- The Washington Times - Wednesday, October 30, 2002

NEW YORK
What a sweetheart, Ralphie Cifaretto. He's the wiseguy on HBO's "The Sopranos" who ordered a hit on the son of the woman with whom he was living, then solemnly escorted the grieving mother to the funeral.
He viciously beat to death his pregnant stripper girlfriend, then shrugged off the deed with a sneering, "It was an accident."
He made a joke about the obese wife of another family's underboss that almost got him (and the underboss) whacked. It was just another example of his inflammatory outbursts, voiced with no concern for mob protocol or even his own health.
"They're gonna find this piece of [dirt] in a trunk someday," one of Ralphie's associates grumbles to another.
Even his boss, Tony Soprano, despises him. Good thing Ralphie proved to be a top earner for the family.
"He loves his job," declares Joe Pantoliano, who plays Ralphie with leering, maniacal abandon on the show, which airs Sundays at 9 p.m.
During this recent interview, Mr. Pantoliano looks jaunty in jeans and an Ivy Leaguish wool blazer. What remains of his graying hair is closely shaved, in striking contrast to Ralphie's unruly red hairpiece.
"Ralphie needs pain in his life in order to thrive," Mr. Pantoliano says. "He pushes people to a violent reaction, and then he gets permission to be violent back at them." Now a grin. "I play a character you love to hate, so I have to defend that character as Johnnie Cochran would defend some clients he's had in a court of law."

As "Sopranos" viewers know, it's a persuasive performance by the veteran actor, who, at age 52, has had more than 70 movie roles, beginning with Guido the Killer Pimp in the movie "Risky Business" and, more recently, "Midnight Run," "The Fugitive," "The Matrix" and "Memento."
He also has written a just-published memoir, "Who's Sorry Now: The True Story of a Stand-up Guy," which takes readers back to his old neighborhood in Hoboken, N.J. a world Ralphie Cifaretto might recognize.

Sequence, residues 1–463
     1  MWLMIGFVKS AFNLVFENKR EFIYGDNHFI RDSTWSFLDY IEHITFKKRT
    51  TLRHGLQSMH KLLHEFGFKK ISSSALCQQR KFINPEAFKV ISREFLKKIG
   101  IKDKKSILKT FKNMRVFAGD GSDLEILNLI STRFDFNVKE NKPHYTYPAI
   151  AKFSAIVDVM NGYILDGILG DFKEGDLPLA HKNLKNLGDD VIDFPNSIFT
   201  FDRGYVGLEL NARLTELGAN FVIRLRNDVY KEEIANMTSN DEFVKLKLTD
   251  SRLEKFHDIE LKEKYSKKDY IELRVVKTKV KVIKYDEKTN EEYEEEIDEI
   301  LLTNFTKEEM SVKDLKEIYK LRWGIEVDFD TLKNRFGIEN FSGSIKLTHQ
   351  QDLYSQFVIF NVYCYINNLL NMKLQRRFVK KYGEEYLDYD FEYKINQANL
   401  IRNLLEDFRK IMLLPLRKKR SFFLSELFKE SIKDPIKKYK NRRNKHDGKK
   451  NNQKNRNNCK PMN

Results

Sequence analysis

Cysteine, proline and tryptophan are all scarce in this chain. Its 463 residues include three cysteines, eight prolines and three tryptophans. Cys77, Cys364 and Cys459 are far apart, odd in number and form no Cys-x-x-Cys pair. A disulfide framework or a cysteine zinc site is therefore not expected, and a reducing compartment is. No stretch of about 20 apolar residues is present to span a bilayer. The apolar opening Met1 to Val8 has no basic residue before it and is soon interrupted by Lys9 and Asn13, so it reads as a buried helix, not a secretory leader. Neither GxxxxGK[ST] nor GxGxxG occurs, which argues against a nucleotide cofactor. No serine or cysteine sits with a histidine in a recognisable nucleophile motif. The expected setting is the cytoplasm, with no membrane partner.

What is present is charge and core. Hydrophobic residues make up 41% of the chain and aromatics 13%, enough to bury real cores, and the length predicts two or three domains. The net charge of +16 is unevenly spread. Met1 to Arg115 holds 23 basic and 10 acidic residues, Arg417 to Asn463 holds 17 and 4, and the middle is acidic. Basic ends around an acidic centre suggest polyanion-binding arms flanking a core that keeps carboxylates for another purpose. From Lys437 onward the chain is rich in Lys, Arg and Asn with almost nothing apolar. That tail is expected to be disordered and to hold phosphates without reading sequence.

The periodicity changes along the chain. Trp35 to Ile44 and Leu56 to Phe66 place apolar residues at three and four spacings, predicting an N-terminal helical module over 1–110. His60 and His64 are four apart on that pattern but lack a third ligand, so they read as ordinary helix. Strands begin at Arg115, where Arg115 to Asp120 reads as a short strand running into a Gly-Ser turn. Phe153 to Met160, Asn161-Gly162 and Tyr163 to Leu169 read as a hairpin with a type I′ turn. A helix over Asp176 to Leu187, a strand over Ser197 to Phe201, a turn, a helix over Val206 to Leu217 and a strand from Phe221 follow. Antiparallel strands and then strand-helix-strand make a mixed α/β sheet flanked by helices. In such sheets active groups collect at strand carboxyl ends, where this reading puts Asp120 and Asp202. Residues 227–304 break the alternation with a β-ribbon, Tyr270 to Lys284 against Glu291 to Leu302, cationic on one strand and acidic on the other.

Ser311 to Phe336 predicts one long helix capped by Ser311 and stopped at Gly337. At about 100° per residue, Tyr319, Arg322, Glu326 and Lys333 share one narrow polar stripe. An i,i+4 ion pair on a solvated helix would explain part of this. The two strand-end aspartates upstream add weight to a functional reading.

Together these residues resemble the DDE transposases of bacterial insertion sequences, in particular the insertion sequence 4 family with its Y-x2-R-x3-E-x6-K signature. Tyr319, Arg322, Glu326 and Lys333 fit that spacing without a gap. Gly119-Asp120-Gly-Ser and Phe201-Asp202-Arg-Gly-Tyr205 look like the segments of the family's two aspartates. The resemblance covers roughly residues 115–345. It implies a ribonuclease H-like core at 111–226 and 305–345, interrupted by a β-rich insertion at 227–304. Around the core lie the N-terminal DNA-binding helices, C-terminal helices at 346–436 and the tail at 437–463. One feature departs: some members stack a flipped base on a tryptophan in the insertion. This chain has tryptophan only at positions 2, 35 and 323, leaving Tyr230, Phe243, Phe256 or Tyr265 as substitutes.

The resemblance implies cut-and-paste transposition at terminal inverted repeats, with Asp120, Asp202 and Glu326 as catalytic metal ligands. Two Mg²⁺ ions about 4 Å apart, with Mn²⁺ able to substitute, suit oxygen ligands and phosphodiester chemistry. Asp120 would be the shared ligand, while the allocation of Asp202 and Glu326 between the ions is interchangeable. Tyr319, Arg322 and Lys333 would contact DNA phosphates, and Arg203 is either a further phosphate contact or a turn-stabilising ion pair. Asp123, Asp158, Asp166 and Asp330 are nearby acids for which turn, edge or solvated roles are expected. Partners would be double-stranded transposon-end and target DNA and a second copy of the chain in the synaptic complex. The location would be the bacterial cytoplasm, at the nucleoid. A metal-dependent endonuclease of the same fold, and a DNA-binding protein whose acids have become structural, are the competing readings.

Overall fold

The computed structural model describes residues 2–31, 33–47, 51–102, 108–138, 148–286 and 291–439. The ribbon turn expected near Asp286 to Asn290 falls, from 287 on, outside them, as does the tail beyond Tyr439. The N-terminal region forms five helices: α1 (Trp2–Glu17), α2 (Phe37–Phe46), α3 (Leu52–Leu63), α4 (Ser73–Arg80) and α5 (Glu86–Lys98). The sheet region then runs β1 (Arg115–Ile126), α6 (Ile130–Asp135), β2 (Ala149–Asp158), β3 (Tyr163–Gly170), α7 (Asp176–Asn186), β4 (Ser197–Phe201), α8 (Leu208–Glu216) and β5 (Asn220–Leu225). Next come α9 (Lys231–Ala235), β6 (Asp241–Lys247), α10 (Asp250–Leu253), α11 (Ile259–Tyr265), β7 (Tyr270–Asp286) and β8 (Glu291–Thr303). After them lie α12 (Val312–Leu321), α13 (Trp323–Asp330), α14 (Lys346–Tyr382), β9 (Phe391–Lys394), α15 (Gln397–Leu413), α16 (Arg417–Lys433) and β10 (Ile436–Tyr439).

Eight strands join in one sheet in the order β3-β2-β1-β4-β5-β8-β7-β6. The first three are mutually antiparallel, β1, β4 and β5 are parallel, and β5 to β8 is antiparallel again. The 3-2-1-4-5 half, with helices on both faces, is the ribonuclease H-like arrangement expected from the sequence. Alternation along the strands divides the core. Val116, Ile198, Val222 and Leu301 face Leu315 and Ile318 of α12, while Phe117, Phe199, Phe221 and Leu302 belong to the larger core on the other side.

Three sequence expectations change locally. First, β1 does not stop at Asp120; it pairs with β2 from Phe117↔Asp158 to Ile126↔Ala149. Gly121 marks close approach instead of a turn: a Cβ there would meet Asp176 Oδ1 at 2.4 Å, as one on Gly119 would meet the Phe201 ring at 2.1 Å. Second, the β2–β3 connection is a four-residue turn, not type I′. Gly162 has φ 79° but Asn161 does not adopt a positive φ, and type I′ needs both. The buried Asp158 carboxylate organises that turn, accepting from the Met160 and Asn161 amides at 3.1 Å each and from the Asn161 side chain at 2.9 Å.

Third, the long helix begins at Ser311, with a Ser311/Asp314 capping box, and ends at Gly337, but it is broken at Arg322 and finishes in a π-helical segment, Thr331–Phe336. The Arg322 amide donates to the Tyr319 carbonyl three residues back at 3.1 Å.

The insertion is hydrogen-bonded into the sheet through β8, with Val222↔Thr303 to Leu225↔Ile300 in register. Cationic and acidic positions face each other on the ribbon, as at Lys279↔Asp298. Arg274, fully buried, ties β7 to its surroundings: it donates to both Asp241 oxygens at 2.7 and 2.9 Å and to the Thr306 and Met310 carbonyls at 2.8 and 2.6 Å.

Mr. Pantoliano (who early on acquired the nickname "Joey Pants") grew up on Hoboken's mean streets in a hurly-burly household where his mother was a bookie, his father was a gambler who worked in a funeral home, and his stepfather spent much of his life in prison.
"You're 12 years old, and you're sneaking out of the apartment at 2 o'clock in the morning 'cause you can't pay your [darn] rent. And your mother tells you your father's not your father anymore, that her cousin is your stepfather. And he's a gangster, but he's also the mentor who saves your life. It all takes a toll on you."
It's not as if he's complaining. Joey Pants tells a colorful, often funny tale that even comes with a happy ending after all, he made it across the river to Manhattan and the acting career he saw as his way out.
These days, he lives comfortably with his second wife and three daughters in suburban Connecticut. He also keeps a place in Hoboken and says with a laugh that rather than those personal appearances at Barnes & Noble superstores, he would feel more like himself selling copies of his book from the trunk of his car.
Mr. Pantoliano joined "The Sopranos" early last season, introducing a character reminiscent of Jimmy Murtha, the excitable young mobster he played in 1996-97 on the splendid but short-lived CBS drama "EZ Streets."
Disenchanted with the failure of "EZ Streets" to draw an audience, he turned down an inquiry from "Sopranos" creator David Chase before the series premiered.
"I said, 'Not interested; it won't work. Television is not ready for this kind of show, and I've got "EZ Streets" to prove it.'"
Events would prove otherwise, and when Mr. Chase asked him again, Mr. Pantoliano changed his tune: "Absolutely. Whattaya got?"

As with everyone in the huge "Sopranos" ensemble other than James Gandolfini, who plays Tony, Mr. Pantoliano is seen much more some weeks than others.
"Gandolfini is the sun, and we are the planets that revolve around him," Mr. Pantoliano explains. "Sometimes you're Pluto, and sometimes you're Mars; you know what I mean?"
Even when Ralphie is absent from a scene, or a whole episode, his presence is felt nonetheless: Wily and divisive, he's turning the family against itself. Meanwhile, he offers viewers a new slant on things, exposing his fellow mobsters for what they are: like him.
Says Mr. Pantoliano with clear satisfaction, "I think David Chase created Ralphie because the audience was starting to love all those other guys too much."


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